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Links for 07.22.09 to 07.23.09

Writer banned from ‘DailyKos’ after satirizing settlements | Shame! More of the Worlds Worst Dictators | Parade.com | What, Hosni only at #20? מגזין הכיבוש Occupation Magazine | How Israel is hiring students and demobilized soldiers to wage a propaganda war through comments across the web. Israeli FM wants Hitler photo to mute world pressure - Yahoo! News | Pathetic. Saudi Efforts to Combat Terrorist Financing - WINEP | I hate to link to WINEP's fluff piece for Stuart Levey, but my hatred for the al-Sauds trumps all. Of course they tolerate individuals who donate to extremists, and we still don't know enough about their role in 9/11. Mubarak invited to Washington in August | The Cable | Egyptian reports had put date at August 15, this says August 17. But will it not be a state visit? Nothing formal announced by White House yet. Amnesty condemns Saudi anti-terror campaign | World news | The Guardian | This comes after years of hearing about how great the Saudi rehabilitation model is... but many of those arrested in anti-terror campaign are just dissidents.
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Links for 07.21.09

Israel weighs confiscation of more Palestinian land - Haaretz - Israel News | In other words, trend set in past 40 years set to continue, despite what Bibi says, unless more forceful action is taken. BM News: American troops expected in Egypt this September « Bikya Masr | 425 National Guard troops expected to be stationed near Rafah. Apollo astronauts advocate trip to Mars - Bring the Tang | I love the space program, even thought it might be pretty pointless in the end. But can't we seize all the assets of Goldman Sachs and use them to build a rocket for Mars? Come on... Saudi Authorities Arrest Over 65,000 Illegal Immigrants in Three Months |
Riyadh, Asharq Al-Awsat- The Saudi Security apparatus has revealed that it has arrested over 65,000 illegal immigrants and 1,084 smugglers attempting to illegally enter Saudi Arabia during the second
Internationally Recognised Core Labour Standards In Morocco | WTO report on labor issues in Morocco. Make no little plans - The National Newspaper | On NYU's plans to open a school in Abu Dhabi as part of "global network university" and questions about academic freedom in the Gulf.
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Links for 07.18.09 to 07.20.09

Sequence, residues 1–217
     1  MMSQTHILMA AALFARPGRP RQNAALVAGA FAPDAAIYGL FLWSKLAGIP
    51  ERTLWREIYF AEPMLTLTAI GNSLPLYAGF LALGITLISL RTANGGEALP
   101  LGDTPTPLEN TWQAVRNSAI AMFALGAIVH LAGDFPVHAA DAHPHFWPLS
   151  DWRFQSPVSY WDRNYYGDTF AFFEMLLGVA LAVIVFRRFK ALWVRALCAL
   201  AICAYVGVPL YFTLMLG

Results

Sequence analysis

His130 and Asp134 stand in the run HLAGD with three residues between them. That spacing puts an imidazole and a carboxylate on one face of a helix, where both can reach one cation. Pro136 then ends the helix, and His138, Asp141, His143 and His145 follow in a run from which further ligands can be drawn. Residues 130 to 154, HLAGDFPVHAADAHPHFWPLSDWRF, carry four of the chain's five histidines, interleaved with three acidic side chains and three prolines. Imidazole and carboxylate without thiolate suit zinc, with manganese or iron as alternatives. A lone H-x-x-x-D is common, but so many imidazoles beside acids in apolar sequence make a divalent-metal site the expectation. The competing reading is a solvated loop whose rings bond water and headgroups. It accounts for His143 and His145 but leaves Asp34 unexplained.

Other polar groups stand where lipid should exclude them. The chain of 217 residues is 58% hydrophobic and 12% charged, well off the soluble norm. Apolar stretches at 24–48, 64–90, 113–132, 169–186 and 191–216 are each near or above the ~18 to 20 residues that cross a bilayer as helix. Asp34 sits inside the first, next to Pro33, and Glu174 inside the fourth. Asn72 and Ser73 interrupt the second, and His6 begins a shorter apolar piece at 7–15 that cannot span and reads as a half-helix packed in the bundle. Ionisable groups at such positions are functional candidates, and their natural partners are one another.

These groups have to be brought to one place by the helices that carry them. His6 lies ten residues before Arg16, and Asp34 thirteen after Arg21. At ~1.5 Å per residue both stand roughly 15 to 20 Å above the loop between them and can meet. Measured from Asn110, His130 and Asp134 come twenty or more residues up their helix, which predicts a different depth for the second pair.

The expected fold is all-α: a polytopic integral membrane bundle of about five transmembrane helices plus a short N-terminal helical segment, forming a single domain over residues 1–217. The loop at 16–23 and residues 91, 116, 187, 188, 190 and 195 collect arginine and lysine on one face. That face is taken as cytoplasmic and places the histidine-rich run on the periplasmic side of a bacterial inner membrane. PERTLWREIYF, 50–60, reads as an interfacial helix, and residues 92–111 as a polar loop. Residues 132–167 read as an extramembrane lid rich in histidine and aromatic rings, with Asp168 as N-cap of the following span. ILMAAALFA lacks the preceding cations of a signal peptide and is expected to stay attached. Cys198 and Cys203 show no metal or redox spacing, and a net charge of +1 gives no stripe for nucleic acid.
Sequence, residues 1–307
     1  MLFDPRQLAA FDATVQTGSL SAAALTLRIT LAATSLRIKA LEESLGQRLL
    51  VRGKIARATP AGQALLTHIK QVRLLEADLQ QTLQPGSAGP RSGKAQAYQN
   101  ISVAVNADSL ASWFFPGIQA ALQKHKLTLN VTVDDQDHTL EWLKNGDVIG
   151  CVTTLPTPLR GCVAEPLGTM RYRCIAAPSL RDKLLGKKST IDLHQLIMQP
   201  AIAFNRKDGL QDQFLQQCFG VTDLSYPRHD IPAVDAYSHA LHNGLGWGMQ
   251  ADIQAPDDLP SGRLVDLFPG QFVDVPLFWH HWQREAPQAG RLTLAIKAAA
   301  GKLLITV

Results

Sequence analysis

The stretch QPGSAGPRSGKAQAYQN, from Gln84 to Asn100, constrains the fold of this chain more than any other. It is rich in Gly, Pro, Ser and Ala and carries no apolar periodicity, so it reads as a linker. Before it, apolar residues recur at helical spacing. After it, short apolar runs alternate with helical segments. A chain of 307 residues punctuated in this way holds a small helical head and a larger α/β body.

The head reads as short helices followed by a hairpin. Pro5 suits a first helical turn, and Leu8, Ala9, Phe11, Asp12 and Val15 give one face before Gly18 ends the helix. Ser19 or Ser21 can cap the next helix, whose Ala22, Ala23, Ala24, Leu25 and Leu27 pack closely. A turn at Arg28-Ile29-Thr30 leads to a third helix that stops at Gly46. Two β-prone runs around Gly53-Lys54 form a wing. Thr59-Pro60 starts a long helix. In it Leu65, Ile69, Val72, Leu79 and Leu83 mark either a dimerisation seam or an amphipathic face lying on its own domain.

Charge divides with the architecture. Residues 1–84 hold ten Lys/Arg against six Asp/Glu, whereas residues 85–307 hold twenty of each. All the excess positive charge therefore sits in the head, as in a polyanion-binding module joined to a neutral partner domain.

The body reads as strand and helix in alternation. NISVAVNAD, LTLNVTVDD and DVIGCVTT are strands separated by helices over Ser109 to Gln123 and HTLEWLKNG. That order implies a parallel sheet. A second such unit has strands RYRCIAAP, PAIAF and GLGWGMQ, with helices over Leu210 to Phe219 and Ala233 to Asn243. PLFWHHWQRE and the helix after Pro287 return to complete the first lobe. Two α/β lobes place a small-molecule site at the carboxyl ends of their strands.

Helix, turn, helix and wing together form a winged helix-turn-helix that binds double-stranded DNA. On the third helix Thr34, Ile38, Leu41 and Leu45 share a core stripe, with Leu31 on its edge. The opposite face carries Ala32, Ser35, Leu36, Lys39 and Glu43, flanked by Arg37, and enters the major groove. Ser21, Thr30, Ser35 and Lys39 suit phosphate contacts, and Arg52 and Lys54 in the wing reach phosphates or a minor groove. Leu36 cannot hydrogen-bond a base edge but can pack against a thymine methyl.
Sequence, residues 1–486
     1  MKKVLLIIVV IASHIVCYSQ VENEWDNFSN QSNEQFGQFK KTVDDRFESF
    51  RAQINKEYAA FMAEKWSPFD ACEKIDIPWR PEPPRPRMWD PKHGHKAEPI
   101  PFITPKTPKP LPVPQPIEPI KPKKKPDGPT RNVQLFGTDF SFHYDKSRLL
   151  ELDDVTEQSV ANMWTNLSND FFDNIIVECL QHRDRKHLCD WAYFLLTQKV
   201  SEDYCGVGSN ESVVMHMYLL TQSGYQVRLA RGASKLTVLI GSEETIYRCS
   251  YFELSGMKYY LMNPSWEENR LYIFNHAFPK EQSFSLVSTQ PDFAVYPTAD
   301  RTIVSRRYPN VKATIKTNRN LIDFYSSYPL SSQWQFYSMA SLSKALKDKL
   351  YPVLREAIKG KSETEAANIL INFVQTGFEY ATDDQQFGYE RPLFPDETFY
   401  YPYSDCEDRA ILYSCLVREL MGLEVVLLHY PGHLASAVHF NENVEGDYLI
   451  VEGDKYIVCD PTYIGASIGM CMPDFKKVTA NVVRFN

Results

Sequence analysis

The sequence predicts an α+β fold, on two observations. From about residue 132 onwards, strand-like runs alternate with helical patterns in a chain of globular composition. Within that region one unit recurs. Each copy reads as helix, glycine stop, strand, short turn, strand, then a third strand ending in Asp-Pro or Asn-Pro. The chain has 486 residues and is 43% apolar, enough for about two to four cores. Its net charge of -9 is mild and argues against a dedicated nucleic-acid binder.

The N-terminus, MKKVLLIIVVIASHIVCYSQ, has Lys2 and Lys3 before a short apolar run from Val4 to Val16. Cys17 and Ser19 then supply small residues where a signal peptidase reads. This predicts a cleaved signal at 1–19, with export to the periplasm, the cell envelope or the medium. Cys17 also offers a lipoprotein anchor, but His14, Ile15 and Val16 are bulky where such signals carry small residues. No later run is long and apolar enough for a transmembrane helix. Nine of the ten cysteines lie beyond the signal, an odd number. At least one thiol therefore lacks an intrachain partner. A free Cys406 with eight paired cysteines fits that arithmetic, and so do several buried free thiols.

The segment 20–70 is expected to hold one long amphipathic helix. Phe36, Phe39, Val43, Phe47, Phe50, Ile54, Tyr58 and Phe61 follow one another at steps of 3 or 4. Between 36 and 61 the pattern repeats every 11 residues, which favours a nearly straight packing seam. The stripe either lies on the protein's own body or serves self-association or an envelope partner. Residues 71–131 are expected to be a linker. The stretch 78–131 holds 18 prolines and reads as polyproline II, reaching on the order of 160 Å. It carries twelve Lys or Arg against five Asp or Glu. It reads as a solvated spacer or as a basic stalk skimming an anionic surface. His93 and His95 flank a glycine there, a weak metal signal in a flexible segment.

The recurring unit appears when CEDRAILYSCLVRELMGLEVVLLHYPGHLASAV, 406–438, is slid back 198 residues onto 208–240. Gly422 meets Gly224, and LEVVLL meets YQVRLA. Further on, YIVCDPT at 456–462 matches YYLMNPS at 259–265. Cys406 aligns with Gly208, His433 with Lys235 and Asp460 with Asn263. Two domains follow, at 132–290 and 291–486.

Gambling with peace: how US bingo dollars are funding Israeli settlements | World news | The Guardian | More Moskowitz. There should be an international financial blockade against any institution involved in the settlements. 'U.S. tells Israel to halt East Jerusalem building' - Haaretz - Israel News | More on Irving Moskowitz's settlement plans. Asma Al Assad: Syria's First Lady And All-Natural Beauty (SLIDESHOW) | HuffPo celebrates the beauty of Asma al-Assad. Never mind her hubby being a dictator and all... WaPo bows cravenly to pro-Israel lobby | WaPo publishes inaccurate "correction" on Gilo settlement. De “Freej” à “Hamdoon” : le dessin cartonne aux Emirats | On the spread of homegrown cartoon characters in the UAE. French agents kidnapped in Somalia | Security trainers were posing as journalists and staying at journalists' hotel — can't say I feel any sympathy for them. Publier ici votre bilan des dix de règne - Comme une bouteille jetée à la mer! | Larbi, one of the best Moroccan bloggers, is inviting readers to send in their assessment of the first 10 years of Muhammad VI's reign. Breaking the silence | Soldiers’ Testimonies from Operation Cast Lead, Gaza 2009 Al-Ahram Weekly | Egypt | Cementing the rift via dialogue | Update on Egypt-brokered Palestinian reconciliation talks after Ramallah meeting, takes the position that Fatah is sabotaging talks for electoral purposes. But does not acknowledge Egypt's acquiescence in this plan. The freegans' creed: waste not, want not | Environment | The Observer | Article on freeganism, i.e. eating free food that's been thrown away. Clearly only possible as a lifestyle in the first world. Somaliland's addict economy | GlobalPost | About Qat (also spelled Khat, the drug) in Somaliland. EGYPT: Poet accused of insulting Mubarak awaits final verdict | Babylon & Beyond | Los Angeles Times | Ridiculous. OpenStreetMap | Not bad alternative to Google Maps. For Cairo not bad, but Google is more detailed and in Arabic. Still, good effort that might improve, and does not lock us in to the G-Man. Revisiting Obama's Riyadh meeting | The Cable | So the idea that Obama came out empty-handed out of his pre-Cairo Speech meeting with Saudi King Abdullah is gaining ground. But it is ridiculous to imagine that Abdullah would pre-emptively agree to concessions before the Israelis have made even a single concession. Egyptian chronicles: Ahmed Rushdie-Barely-Speaks For The First Time | Very interesting post on former Egyptian minister of interior Ahmed Rushdie, described here as the only minister of the Mubarak era to have resigned and the only interior minister who was respected. (I don't know how true this is, but it's interesting!) International Crisis Group - 152 Sudan: Justice, Peace and the ICC | New ICG report on Sudan warns of laying off pressure on Khartoum over Darfur as focus shifts to the south and the CPA again. Among key recommendations to the ruling party is that Bashir should step down as soon as possible. US Assistant Secretary of State for Near Eastern Affairs Jeffrey Feltman Talks to Asharq Al-Awsat | Sharq al-Awsat interview, mostly on Syria. The Obama administration sure loves Saudi media. Palestinians aim for massive pastry record Asharq Alawsat Newspaper (English) | I'm all for building the world's largest ball of twine or baking the biggest kunafa, but the reporting on this is over the top. Taboo Topics on Contemporary Foreign Policy Discourse | Stephen M. Walt | Excellent post on the Ten Commandments of foreign policy wonks. You could add plenty more, but I would add (as far as Egypt is concerned) "Thou shall greet yesterday's oppressor as today's reformer, or vice versa if appropriate." Walt makes so many good points it's hard to choose a favorite, although #9 is up there.